HTML Meta Elements

The HTML <meta> tag is used to represent metadata about the HTML document.

Metadata refers to the information about data (data about the HTML document). The metadata consists of information like charset attribute, name attribute, http-equiv attribute, etc.

The <meta> tag should always go inside the <head> element. For example,

  <meta charset="utf-8" />

Here, <meta charset = "utf-8"> tells the browser to use the UTF-8 character encoding to convert machine code into human-readable code.

Attributes of Metadata

The Meta tag can have the following attributes:

  • charset attribute
  • name attribute
  • http-equiv attribute

We will learn about each attribute in detail.

charset attribute

The charset attribute defines the character encoding for the HTML document. For example,

<meta charset="UTF-8">

It helps to display an HTML page correctly in the browser. UTF-8 is the only valid encoding for HTML5 documents.

name attribute

The name attribute together with the content attribute provides information in terms of name-value pairs. Where:

  • name - name of the metadata
  • content - value of the metadata

Let's see an example:

<meta name="description" content=" In this article you will learn about meta tags.">

Here, we have used the name attribute to provide the information about the description of the HTML document. The text inside the content attribute is the value of description.

Some common values for the name attribute include author, keywords, referrer, etc. For example,

    <meta name="keywords" content="Meta tag, HTML">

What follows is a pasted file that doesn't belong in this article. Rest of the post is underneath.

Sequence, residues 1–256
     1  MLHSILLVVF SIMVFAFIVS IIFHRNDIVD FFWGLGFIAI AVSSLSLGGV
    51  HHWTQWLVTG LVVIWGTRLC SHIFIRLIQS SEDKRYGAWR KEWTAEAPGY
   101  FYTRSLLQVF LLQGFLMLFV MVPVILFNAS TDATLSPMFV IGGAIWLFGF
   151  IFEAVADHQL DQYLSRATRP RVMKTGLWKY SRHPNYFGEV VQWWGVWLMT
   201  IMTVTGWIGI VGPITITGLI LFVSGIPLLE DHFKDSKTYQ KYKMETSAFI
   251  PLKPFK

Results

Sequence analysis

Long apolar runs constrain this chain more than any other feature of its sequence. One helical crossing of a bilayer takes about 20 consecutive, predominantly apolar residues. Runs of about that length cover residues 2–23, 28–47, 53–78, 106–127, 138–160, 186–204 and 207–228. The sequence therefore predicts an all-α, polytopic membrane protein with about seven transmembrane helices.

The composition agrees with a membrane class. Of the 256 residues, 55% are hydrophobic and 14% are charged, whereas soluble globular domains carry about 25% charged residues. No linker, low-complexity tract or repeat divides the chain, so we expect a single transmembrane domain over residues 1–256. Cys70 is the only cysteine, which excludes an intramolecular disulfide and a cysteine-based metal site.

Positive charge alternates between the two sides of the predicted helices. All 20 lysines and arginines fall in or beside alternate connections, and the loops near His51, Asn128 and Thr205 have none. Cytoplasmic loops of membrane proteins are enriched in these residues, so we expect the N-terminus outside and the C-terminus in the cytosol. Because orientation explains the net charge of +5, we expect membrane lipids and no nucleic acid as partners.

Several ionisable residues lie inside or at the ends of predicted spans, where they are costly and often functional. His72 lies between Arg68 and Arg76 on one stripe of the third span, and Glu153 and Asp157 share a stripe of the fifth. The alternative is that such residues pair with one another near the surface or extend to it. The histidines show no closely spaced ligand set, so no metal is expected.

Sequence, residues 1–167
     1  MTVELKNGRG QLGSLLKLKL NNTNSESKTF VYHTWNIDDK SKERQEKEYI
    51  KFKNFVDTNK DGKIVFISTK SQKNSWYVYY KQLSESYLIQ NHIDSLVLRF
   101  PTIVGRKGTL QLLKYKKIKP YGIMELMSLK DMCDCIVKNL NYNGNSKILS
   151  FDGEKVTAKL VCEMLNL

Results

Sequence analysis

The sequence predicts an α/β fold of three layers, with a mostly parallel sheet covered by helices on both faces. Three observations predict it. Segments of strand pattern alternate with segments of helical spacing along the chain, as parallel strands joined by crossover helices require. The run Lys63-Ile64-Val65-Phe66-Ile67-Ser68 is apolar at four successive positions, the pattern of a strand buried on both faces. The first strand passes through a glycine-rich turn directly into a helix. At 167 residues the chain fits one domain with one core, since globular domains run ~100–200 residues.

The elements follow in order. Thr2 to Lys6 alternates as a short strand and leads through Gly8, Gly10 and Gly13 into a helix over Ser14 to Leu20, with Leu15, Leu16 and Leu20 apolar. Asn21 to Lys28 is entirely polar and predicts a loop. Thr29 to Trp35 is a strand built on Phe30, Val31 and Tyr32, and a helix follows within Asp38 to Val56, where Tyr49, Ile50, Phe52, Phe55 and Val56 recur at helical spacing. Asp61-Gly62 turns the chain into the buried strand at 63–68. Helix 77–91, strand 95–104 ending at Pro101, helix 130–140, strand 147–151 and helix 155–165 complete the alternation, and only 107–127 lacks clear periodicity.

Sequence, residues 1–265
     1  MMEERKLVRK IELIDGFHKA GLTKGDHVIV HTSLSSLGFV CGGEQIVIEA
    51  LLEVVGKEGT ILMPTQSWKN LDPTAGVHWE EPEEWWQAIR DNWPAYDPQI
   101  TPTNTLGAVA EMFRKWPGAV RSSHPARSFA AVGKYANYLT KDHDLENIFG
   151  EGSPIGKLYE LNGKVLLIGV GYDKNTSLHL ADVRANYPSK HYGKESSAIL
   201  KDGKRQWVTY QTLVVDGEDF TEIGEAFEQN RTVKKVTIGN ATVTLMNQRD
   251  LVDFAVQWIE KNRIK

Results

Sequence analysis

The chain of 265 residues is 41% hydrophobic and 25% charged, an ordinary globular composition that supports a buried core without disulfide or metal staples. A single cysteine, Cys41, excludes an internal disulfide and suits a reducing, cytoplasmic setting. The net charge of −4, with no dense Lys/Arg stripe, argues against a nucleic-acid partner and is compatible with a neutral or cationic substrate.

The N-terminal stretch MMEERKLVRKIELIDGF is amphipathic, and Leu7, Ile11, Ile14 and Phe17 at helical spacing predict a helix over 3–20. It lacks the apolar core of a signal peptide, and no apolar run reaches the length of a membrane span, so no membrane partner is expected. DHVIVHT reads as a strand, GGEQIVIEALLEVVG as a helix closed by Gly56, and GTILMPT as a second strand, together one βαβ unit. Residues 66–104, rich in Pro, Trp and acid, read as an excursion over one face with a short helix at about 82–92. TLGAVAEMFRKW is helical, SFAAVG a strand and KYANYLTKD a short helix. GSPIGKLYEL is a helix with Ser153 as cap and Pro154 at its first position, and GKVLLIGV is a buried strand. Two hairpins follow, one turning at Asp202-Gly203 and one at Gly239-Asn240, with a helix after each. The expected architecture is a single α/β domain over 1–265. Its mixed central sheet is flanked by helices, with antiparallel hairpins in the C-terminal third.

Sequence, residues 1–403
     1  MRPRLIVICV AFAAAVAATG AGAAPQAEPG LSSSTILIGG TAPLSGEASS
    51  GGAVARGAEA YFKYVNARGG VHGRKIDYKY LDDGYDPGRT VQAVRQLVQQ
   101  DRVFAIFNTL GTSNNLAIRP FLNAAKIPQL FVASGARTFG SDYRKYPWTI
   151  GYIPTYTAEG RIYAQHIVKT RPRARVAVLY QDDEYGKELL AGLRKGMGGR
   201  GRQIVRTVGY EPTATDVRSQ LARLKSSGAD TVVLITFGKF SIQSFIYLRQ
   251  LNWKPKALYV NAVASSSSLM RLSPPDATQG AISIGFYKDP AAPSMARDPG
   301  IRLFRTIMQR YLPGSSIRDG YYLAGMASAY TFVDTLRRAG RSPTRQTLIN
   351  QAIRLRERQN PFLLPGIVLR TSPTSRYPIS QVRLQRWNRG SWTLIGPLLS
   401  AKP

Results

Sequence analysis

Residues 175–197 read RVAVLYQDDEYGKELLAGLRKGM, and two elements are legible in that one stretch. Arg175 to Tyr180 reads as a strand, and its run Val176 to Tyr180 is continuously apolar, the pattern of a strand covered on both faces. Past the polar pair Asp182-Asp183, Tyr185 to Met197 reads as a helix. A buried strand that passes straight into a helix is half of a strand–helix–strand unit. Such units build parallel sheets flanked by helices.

<meta name="author" content="Elon Musk">

Here, we have used meta tags to provide information about keywords and the author of the HTML document.

http-equiv attribute

The http-equiv attribute is used to provide an HTTP header for the information of the content attribute. The list of possible values for the attribute are:

  • content-security-policy: Specifies a content policy for the document. It is used to specify allowed server URLs. For example,

<meta http-equiv="content-security-policy" content="default-src 'self';" />

Here, the above tag specifies that external resources are only allowed from self, i.e. the same host as the webpage.

  • content-type: Specifies the character encoding for the document. It is the same as using the charset attribute. It is used to set the character encoding for the HTML document. For example,
<meta http-equiv="content-type" content="text/html;charset=utf-8" />
  • default-style: Specifies the preferred style sheet to use. For example,
<meta http-equiv="default-style" content="stylesheet-1">

Here, in case of multiple stylesheets, the stylesheet with the id of stylesheet-1 will be prioritized.

  • refresh: Defines a time interval for the document to refresh itself. For example,
<!-- To refresh the site in 3 seconds -->
<meta http-equiv="refresh" content="3" />

You can optionally redirect the user to a separate url by adding ;url= followed by the url. It should be inside the content attribute after the time interval.

<!-- To redirect to youtube after 3 seconds -->
<meta http-equiv="refresh" content="3;url=" />

Uses of Metadata

The uses of Metadata are as follows:

  • Tells the browser how to display content or refresh the site.
  • Used by search engines to read the data of the HTML page.
  • Used to set the viewport. Viewport refers to the visible area of the webpage. For example,

    <meta name="viewport" content="width=device-width, initial-scale=1.0">
    The above code tells the browser to load the webpage with the width of the device and with 1x zoom.